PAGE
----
Posts Tagged ‘projection mapping’
Posting this amazing glimpse into iMappening 2014, the Media Arts and Practice PhD program’s annual show, at USC’s School of Cinematic Arts. Polyangylene and Book of Luna (with Clea T. Waite) make a colorful appearance!
Book of Luna…
The iMappenning catalog…
“Dollhouse Desert”, a collaboration between Karl Baumann, Nicolette G.D and I, was screened last week at the State of the Arts 2013: the Future of Fulldome Festival. The host was the Vortex Immersive Media Dome at L.A. Center Studios. This is my first excursion into the fulldome format, and I found it incredibly fun and challenging.
The unconventional orientation of the spectators translates into a whole new vocabulary for camera motion and field of view. Fulldome is a medium that can both create the visceral impression of swallowing the viewer and offer moments of poetic stillness. “Dollhouse Desert” immerses the spectactor in a surreal mental landscape in which claustrophobia and the call of the void become complimentary affective states that seamlessly alternate.
The sculpture of found objects with tests projections was presented at the Media Arts and Practice division’s annual exhibition, iMappening. The test projections give a good idea of the effect of animation on the very disparate textures of the objects. The bear particularly, with its fluffy, silky coat, was mesmerizing to watch. Reactions were enthusiastic, especially from the youngest visitors! I think it can legitimately qualify as an “attraction”. Adults, more discriminating, would walk around the sculpture to peer at individual configurations of objects, attached together, often in aerodynamic and precarious configurations, through armature wires inserted into chains of objects.
Assistant Dean Michael Renov qualified the 3D collages as surrealist, which actually led me into a whole theoretical investigation for my dissertation over the summer. The sculpture is not quite finished – as you can see, the two by fours that serve as its support structure are still visible and I am currently experimenting with different filler materials such as ping pong balls and styrofoam pellets to created a topologically interesting landscape around the objects.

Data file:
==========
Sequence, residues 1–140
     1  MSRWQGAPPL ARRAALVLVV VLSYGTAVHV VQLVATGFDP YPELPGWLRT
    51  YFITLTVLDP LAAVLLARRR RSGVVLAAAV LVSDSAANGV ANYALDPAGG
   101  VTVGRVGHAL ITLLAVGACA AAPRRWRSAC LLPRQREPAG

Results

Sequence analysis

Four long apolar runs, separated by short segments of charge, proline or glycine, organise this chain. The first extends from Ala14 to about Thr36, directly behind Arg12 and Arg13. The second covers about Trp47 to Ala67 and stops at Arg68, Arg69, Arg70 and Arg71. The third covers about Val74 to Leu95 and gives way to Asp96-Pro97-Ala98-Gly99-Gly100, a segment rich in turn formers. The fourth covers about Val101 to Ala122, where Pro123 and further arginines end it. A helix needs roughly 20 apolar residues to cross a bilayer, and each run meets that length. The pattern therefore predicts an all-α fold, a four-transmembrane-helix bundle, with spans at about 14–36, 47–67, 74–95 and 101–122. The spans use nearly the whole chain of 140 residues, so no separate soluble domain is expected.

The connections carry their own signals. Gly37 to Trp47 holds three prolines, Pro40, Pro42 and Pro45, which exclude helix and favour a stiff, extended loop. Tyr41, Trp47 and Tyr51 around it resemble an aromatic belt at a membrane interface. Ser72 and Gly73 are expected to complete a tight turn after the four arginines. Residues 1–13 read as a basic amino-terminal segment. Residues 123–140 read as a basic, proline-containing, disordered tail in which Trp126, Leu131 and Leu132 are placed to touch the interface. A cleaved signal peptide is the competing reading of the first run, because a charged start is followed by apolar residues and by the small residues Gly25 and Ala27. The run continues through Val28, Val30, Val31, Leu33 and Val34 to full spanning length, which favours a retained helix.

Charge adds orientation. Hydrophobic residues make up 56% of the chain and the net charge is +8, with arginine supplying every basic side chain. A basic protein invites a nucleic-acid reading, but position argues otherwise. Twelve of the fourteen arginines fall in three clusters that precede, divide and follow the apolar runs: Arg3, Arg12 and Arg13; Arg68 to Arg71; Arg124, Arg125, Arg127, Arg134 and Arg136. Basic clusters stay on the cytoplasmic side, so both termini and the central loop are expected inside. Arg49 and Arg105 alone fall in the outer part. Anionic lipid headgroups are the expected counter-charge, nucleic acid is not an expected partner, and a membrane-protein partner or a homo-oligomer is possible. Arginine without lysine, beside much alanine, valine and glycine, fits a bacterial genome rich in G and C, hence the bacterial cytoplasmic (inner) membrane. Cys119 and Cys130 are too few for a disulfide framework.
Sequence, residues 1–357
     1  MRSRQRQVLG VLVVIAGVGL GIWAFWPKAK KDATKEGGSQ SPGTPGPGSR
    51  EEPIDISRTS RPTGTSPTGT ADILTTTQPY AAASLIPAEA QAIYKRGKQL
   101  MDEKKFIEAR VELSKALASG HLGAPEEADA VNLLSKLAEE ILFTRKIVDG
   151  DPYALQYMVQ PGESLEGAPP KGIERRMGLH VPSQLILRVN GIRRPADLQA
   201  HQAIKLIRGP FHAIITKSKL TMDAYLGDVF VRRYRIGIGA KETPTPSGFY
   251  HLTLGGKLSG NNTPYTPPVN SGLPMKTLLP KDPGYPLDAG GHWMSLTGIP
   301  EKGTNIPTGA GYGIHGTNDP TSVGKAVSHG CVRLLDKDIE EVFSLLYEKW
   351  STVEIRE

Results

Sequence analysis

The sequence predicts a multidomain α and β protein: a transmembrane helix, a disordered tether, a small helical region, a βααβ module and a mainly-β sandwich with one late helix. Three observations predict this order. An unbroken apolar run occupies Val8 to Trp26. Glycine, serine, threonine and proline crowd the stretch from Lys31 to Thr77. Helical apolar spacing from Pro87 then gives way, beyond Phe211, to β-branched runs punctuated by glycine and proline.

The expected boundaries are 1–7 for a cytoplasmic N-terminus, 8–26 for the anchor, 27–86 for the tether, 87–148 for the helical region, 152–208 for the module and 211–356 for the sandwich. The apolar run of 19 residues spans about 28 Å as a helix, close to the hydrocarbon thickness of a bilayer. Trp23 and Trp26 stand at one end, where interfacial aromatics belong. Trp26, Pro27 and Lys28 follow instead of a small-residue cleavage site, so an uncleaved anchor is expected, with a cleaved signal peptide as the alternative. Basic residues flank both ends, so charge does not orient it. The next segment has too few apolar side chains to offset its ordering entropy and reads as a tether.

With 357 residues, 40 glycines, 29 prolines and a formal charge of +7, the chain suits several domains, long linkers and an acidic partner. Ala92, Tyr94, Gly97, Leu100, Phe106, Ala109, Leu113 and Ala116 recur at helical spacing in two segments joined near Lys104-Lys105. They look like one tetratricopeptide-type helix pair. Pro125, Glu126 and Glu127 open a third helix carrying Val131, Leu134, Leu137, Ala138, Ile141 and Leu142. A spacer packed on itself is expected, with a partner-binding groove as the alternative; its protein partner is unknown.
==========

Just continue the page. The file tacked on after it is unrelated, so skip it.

I also designed the poster, catalogue and postcards for the exhibition – the steampunk/Muybridge unicorn being of course the perfect allegory for the Media Arts and Practice program!
This is the new jellyfish and insect inspired design for the Polyangylene robots! They use a hexapod chassis base and an Arduino microcontroller. The glowy letters are shaped with el-wire, a beautiful, flexible material that gives you neon without the expensive glass-blowing part. The bots navigate their environment thanks to two ultrasonic sensors and communicate with participants through a microphone and flex sensors hidden in their feather/tentacle neck ruff. They communicate with each other through Xbee radio signals. These bots also have a fondness for synchronized dance moves…
Here are shots of the objects I have been gathering and painting white for the Polyangylene sculpture. Polyangylene, my dissertation project, is an interactive installation that consists of a sculpture of found objects onto which I project animations that transform these objects into colorful kinetic stages/props for mini-narratives that are also projected, as text, onto the sculpture. If you are interested in hearing more about Polyangylene, please explore the “bio+” section of the blog!
The origin of these objects is varied: found on the street, in my apartment, at swapmeets, dollar stores…
For some reason, I ended picking up a lot of old toys. Perhaps because toys connote triviality, ubiquity and ordinariness (key qualities in the objects I was looking for) while escaping the type of fixed meaning that functional objects tend to be pigeonholed with. Toys also tend to have pretty weird and interesting shapes. Phones, laptops, printers and monitors also found their way in because they have become, as much as cleaning brushes and cheap ornaments, the material backdrops of our lives. They also have screens – useful for creating this effect of a projection within a projection or story within story that I want to explore in the piece.